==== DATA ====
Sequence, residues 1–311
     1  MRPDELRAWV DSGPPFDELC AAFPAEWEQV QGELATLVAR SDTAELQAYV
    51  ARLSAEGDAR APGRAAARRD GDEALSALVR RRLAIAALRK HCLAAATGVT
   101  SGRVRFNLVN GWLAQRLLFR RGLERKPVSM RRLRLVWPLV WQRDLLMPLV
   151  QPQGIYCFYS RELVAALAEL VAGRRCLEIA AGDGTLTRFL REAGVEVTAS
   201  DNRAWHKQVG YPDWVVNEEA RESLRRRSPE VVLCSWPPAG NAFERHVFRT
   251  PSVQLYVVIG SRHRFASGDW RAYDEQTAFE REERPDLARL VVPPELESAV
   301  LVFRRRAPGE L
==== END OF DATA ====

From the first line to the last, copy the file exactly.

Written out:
Sequence, residues 1–311
     1  MRPDELRAWV DSGPPFDELC AAFPAEWEQV QGELATLVAR SDTAELQAYV
    51  ARLSAEGDAR APGRAAARRD GDEALSALVR RRLAIAALRK HCLAAATGVT
   101  SGRVRFNLVN GWLAQRLLFR RGLERKPVSM RRLRLVWPLV WQRDLLMPLV
   151  QPQGIYCFYS RELVAALAEL VAGRRCLEIA AGDGTLTRFL REAGVEVTAS
   201  DNRAWHKQVG YPDWVVNEEA RESLRRRSPE VVLCSWPPAG NAFERHVFRT
   251  PSVQLYVVIG SRHRFASGDW RAYDEQTAFE REERPDLARL VVPPELESAV
   301  LVFRRRAPGE L